Kurukshetra: There is relief in sight for a decaying ‘holy tree’ at a spot in Haryana’s Kurukshetra town where Lord Krishna is believed to have given the message of the Gita to Arjuna, with forestry experts exploring ways of reviving the nearly century-old banyan tree.
Pathologists and botanists from the 107-year-old Forest Research Institute (FRI) in Dehradun have prepared a blueprint to revive the holy tree at Jyotisar, employing the expertise acquired by them through similar tasks at the Mahabodhi Temple Complex in Bihar’s Gaya district, the Shirdi Saibaba temple in Maharashtra and the Ta Prohm Temple in Cambodia, according to officials.
“Our team has visited the spot and chalked out a revival strategy on the request of the Kurukshetra Development Board,” said FRI Director P.P. Bhojvaid.
According to N.S.K. Harsh, head of the forest pathology division of FRI, an institution under the union environment and forests ministry, the holy tree at Jyotisar, over 150 km from Delhi, is suffering the most due to a marble stone structure around its root.
“The marble flooring and platform around the tree are not allowing water percolation and gaseous exchange, suffocating the roots,” he said.
We have informed the Kurukshetra board authorities about the threat to the tree due to lack of free space for root expansion, he said.
The tree, which stands beside a pond, is also the focal point of a popular sound and light show at the spot and is suffering due to the wires, speakers and the lights strapped around its branches, he said.
“Chains, bells and signboards that have been tied or nailed to it are causing injuries. Plucking of aerial roots and bark and etching of names by unscrupulous devotees are also causing damage,” said Harsh.
The ignored holy tree’s stem gives hollow sound, on being struck with a hard object, indicating the spread of fungal decay from base upwards, the pathologist said.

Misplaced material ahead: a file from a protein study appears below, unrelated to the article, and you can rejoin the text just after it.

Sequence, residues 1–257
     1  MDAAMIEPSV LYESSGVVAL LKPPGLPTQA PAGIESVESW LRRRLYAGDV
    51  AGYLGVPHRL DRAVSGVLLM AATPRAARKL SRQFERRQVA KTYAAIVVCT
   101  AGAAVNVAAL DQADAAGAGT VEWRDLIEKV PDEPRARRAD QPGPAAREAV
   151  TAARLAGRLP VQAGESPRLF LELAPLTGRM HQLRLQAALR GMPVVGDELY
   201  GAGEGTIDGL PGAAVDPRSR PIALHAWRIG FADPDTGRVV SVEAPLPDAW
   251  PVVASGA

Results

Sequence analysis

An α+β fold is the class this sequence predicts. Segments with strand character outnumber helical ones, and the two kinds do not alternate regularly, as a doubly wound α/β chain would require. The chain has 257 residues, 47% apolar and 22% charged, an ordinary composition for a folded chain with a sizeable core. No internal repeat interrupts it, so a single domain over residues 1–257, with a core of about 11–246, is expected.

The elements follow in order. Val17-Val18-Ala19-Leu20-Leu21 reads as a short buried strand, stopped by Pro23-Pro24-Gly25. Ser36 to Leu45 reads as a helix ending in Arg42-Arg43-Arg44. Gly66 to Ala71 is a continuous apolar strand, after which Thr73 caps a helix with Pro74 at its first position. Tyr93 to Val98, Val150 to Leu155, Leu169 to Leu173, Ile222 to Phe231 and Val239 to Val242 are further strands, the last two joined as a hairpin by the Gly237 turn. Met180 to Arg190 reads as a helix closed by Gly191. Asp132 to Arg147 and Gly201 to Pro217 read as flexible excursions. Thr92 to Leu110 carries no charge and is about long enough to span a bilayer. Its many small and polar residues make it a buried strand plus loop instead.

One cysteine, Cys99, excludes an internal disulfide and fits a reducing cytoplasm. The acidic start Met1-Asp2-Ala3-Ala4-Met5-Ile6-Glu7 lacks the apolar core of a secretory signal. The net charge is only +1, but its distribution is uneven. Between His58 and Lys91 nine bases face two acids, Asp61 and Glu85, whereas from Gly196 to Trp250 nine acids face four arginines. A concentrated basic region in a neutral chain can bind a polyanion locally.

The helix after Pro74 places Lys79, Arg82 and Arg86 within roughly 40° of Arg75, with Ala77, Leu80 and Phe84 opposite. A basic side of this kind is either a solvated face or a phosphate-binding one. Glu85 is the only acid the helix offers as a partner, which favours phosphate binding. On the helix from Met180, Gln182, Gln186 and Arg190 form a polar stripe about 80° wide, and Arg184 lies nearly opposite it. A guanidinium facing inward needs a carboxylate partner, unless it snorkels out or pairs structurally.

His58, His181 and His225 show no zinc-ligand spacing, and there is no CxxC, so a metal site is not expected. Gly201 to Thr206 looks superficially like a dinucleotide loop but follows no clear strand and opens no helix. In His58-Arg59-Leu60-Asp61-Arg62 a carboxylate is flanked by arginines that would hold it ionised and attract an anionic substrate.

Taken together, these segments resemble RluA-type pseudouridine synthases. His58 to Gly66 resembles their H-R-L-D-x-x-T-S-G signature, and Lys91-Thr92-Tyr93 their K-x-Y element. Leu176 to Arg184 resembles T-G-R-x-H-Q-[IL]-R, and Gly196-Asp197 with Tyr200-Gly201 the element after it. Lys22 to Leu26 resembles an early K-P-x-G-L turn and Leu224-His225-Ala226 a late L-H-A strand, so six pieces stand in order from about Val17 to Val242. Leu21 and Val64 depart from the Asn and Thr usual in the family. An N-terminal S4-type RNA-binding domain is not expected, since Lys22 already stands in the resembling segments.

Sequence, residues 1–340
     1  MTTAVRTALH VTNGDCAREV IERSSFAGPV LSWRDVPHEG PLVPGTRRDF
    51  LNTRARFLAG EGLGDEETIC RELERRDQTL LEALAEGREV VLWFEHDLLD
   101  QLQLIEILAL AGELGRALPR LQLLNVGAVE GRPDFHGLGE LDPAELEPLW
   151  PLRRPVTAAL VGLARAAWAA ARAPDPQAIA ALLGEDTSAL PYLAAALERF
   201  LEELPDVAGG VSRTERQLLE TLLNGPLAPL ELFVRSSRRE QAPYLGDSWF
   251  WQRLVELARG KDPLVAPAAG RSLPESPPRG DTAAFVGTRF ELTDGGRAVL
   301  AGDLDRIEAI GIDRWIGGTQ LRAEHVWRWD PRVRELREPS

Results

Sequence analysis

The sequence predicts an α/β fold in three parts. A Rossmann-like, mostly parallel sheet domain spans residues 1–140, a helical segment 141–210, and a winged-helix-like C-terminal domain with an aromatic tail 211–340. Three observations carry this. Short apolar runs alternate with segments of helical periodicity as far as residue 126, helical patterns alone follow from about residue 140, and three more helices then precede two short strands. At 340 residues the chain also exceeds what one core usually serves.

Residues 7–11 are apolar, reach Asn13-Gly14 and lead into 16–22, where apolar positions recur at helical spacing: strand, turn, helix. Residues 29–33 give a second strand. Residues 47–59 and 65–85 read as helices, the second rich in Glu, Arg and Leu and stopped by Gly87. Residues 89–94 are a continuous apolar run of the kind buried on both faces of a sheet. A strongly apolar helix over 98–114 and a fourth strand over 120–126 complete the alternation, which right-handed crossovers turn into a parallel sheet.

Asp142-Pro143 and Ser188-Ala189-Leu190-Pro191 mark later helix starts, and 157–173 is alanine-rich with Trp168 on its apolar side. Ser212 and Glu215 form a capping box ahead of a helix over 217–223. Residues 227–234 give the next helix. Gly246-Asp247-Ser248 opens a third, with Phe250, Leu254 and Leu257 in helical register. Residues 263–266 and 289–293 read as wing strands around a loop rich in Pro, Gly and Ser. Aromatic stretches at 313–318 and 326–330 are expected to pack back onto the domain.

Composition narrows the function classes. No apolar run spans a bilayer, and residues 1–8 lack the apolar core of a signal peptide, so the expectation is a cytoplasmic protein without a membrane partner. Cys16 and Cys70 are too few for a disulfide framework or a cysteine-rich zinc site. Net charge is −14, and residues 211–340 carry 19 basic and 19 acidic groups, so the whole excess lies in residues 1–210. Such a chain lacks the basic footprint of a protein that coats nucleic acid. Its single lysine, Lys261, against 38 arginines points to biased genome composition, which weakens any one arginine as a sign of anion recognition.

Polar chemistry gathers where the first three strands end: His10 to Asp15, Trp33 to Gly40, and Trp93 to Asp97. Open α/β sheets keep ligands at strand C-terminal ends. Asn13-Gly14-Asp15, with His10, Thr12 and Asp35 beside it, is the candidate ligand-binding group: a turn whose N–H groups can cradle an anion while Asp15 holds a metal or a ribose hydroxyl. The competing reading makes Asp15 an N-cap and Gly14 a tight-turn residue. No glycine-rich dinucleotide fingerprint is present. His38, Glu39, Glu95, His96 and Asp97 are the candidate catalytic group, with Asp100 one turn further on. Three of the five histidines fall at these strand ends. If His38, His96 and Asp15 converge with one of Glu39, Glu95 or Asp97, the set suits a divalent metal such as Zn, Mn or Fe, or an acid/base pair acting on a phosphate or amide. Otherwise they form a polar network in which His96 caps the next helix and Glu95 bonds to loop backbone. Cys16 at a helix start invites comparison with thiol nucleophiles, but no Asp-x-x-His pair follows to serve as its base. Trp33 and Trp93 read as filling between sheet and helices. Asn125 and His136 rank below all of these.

But things may soon start looking up for the ailing banyan tree.
“We plan to offer a micro-nutrient treatment for the tree, besides the removal of the marble structure around it for allowing its aerial prop roots to get a footing for longevity,” said Harsh.
Chains wrapped around the tree’s branches and a net covering its canopy may also be removed for allowing natural growth.
“The tree is leaning on one side and is not balanced as a result of improper growth of the canopy,” he said.
The rescue act may also involve treating leaves for diseases that have caused premature defoliation, he said.
Bhojvaid said similar rehabilitation tasks were performed by FRI experts at Gaya to rescue a stressed 100-year-old pipal tree at the Buddhist temple close to the spot where Lord Buddha attained enlightenment.
The 25-metre-high tree at the temple, dating from the 5th or 6th century, was rescued by Harsh and his colleagues from decay caused from plucking of leaves, disease and stress on roots.
A neem and a pipal tree at Shirdi where Saibaba offered prayers have also got a fresh lease of life under FRI experts’ supervision.
In Cambodia, over 120 trees that had grown on walls and roofs of ancient temples in Ta Prohm were rehabilitated by FRI experts and protected from the wear and tear caused by the presence of over 10 million tourists who visit the spot in a year, Harsh said.